Video

Video Fighting in Sudan's South Kordofan Fuels Mass Displacement

Heavy fighting in Sudan's South Kordofan state is causing hundreds of thousands to flee into uncertain conditions. Local aid organizations estimate as many as 400,000 civilians have been internally displaced since the conflict began more than three years ago, while another 250,000 have fled across the border to refugee camps in South Sudan. VOA's Adam Bailes reports.
Video

Video Lao Dam Project Runs Into Opposition

A Lao dam project on a section of the Mekong River is drawing opposition from local fishermen, international environmental groups and neighboring countries. VOA's Say Mony visited the region to investigate the concerns. Colin Lovett narrates.
Video

Video A Filmmaker Discovers Her Biracial Identity in "Little White Lie

Lacey Schwartz grew up in an upper middle-class Jewish family, in a town in upstate New York where almost everyone she knew was white. She assumed that she was, as well. Her recent documentary, Little White Lie, tells the story of how she uncovered the secret of her true racial background. VOA’s Carolyn Weaver has more on the film.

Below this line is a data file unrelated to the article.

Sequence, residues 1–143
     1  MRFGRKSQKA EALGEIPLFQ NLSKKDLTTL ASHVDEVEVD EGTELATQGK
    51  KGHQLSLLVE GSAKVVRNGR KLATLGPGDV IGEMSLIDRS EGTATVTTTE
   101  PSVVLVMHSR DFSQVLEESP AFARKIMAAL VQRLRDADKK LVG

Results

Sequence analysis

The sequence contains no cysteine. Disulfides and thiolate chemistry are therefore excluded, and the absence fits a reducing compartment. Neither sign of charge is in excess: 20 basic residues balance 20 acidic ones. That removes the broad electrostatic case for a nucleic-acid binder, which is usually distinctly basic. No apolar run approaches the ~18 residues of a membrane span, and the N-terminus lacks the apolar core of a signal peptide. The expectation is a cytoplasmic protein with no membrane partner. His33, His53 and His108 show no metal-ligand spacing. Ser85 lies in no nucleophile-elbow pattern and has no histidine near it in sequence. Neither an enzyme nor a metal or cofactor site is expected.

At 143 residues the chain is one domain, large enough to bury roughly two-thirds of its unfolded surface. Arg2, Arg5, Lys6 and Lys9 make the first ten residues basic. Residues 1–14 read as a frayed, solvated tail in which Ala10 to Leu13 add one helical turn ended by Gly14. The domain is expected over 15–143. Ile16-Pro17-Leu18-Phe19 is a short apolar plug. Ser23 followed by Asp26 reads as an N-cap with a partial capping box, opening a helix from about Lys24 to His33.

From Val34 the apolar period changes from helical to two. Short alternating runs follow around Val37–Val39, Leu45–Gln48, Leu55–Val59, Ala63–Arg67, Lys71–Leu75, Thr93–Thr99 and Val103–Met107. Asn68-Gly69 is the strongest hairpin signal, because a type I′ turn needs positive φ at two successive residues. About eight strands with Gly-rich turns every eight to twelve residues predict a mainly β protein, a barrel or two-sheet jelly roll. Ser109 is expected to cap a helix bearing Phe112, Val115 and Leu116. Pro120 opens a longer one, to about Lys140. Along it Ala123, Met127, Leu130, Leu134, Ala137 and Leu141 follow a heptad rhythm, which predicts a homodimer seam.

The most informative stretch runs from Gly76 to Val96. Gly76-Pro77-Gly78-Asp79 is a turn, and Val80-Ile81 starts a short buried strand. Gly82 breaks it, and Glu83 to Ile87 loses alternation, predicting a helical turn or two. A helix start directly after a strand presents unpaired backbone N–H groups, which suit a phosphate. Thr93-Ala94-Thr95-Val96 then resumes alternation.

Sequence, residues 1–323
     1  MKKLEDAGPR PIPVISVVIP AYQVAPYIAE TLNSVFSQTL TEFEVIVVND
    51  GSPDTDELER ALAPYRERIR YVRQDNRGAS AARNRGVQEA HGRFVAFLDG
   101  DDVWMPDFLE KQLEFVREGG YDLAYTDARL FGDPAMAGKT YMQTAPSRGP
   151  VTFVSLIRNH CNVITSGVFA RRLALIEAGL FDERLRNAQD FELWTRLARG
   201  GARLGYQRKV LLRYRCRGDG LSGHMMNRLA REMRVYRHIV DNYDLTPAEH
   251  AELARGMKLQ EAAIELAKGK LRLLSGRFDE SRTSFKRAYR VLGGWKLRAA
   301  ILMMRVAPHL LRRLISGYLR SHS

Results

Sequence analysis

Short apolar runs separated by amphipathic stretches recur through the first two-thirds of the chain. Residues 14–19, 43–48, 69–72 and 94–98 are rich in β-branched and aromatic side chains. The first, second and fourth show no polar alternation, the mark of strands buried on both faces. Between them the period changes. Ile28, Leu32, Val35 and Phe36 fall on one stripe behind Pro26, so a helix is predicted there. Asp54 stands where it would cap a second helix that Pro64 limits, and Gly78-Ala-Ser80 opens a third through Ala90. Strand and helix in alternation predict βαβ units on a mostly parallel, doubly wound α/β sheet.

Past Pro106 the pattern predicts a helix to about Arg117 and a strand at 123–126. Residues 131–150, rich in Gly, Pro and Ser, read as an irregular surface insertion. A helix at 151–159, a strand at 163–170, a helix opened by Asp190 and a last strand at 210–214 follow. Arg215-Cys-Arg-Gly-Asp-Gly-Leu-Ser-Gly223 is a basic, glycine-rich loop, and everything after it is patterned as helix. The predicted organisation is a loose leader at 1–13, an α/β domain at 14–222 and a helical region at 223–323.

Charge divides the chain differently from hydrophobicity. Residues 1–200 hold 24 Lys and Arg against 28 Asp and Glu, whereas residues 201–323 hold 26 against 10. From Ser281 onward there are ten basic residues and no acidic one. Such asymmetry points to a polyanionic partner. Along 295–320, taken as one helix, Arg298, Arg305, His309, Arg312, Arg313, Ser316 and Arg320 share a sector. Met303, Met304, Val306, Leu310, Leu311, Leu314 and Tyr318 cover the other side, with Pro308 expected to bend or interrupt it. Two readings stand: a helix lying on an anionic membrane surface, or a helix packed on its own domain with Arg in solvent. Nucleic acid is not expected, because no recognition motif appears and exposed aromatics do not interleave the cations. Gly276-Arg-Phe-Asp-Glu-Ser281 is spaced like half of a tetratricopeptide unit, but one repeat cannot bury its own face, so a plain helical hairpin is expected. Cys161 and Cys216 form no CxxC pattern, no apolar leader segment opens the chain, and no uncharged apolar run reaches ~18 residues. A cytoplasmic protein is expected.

Video

Video Deep Under Antarctic Ice Sheet, Life!

With the end of summer in the Southern hemisphere, the Antarctic research season is over. Scientists from Northern Illinois University are back in their laboratory after a 3-month expedition on the Ross Ice Shelf, the world’s largest floating ice sheet. As VOA’s Rosanne Skirble reports, they hope to find clues to explain the dynamics of the rapidly melting ice and its impact on sea level rise.
Video

Video US-Cuba Normalization Talks Resume Friday